No matter what version of Word you own, "in-line" images shift their position as the text in the document changes. The "in-line" text wrapping style places an anchor point in the text and moves the image as necessary. By changing the wrapping style to a "floating" style such as "Square," "Top and Bottom," or "Behind," the image remains in place as the text moves around it. In Word 2010, these options are built-into the context menu when right-clicking any image but are also available in many other versions of Word.
Open your Word document.
Right-click the picture and click "Size and Position."
Click the "Text Wrapping" tab.
Click "Square," "Tight," or "Through" to wrap the text around the edges of the image. "Square" wraps text as if the image is a solid rectangle. "Tight" wraps the text around the image, ignoring transparencies adjacent to the left and right sides of the image. "Through" ignores all transparencies in the image, wrapping text into the middle of the object as well as the sides.
Click "Top and Bottom" to prevent text on either side of the image. Text automatically wraps from above the image to immediately below it.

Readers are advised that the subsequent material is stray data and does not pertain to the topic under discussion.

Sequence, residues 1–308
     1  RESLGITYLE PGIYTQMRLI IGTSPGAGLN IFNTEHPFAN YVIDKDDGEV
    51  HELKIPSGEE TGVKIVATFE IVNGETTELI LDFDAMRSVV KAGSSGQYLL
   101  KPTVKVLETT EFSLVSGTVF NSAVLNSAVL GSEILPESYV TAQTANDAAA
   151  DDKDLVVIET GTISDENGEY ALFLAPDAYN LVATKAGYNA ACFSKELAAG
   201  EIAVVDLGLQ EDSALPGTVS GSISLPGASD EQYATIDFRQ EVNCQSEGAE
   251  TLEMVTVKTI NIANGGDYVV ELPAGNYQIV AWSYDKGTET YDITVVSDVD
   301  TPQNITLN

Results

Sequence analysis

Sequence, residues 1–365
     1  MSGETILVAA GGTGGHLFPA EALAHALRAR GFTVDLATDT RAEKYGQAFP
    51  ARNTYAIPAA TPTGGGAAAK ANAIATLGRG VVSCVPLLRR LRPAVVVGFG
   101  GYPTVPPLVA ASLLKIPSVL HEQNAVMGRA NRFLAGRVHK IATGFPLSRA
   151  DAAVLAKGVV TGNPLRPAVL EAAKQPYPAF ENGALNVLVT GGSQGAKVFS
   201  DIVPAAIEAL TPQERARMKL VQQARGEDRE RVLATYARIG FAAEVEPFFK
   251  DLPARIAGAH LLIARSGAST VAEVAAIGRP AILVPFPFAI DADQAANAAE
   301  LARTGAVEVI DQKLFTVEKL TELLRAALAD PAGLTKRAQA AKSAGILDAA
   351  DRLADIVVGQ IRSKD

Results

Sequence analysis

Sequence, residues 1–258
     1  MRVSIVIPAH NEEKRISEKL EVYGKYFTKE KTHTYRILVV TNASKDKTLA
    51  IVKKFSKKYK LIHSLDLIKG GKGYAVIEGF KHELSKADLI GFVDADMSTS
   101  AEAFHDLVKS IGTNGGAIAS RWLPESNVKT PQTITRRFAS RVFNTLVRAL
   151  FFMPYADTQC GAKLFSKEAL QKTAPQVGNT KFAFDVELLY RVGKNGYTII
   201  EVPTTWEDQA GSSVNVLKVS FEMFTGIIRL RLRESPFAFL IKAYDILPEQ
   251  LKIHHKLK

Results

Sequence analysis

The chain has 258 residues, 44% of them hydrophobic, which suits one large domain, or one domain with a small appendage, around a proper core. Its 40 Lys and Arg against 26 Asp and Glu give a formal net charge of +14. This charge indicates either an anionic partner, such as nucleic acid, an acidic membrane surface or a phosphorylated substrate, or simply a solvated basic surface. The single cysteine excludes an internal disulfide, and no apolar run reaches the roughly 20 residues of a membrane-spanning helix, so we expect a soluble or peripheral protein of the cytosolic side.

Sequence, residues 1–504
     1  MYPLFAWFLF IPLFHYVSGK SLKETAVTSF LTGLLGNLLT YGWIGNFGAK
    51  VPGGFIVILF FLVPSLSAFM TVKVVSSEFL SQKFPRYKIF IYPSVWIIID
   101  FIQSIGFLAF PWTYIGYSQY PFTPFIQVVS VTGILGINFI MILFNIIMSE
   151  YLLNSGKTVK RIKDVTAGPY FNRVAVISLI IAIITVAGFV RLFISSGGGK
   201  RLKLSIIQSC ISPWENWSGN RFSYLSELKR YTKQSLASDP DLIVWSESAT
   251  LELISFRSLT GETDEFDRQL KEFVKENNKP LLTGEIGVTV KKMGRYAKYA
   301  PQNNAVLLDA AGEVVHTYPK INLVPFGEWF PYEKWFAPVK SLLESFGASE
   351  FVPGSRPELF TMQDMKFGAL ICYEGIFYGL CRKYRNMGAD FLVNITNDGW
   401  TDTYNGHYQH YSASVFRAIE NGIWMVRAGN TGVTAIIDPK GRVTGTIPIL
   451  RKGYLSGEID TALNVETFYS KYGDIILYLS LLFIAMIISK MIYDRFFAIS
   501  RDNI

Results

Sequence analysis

Click "Behind" to place the image behind the text. Click "In Front Of" to place it in front of the image. "Behind" and "In Front Of" don't wrap text.
Different versions of Word use different menus. In Word 97 to 2003, right-click the image and select "Format Picture." Click the "Layout" tab and click "Advanced." In Word 2007, right-click the image, select "Text Wrapping" and click "Other layout options." The "Format Picture" dialogue box includes many options for customising your image's position and characteristics. The "Position" tab allows you to change the image's position behaviour including alignment, spacing and relative position compared to other document features such as columns.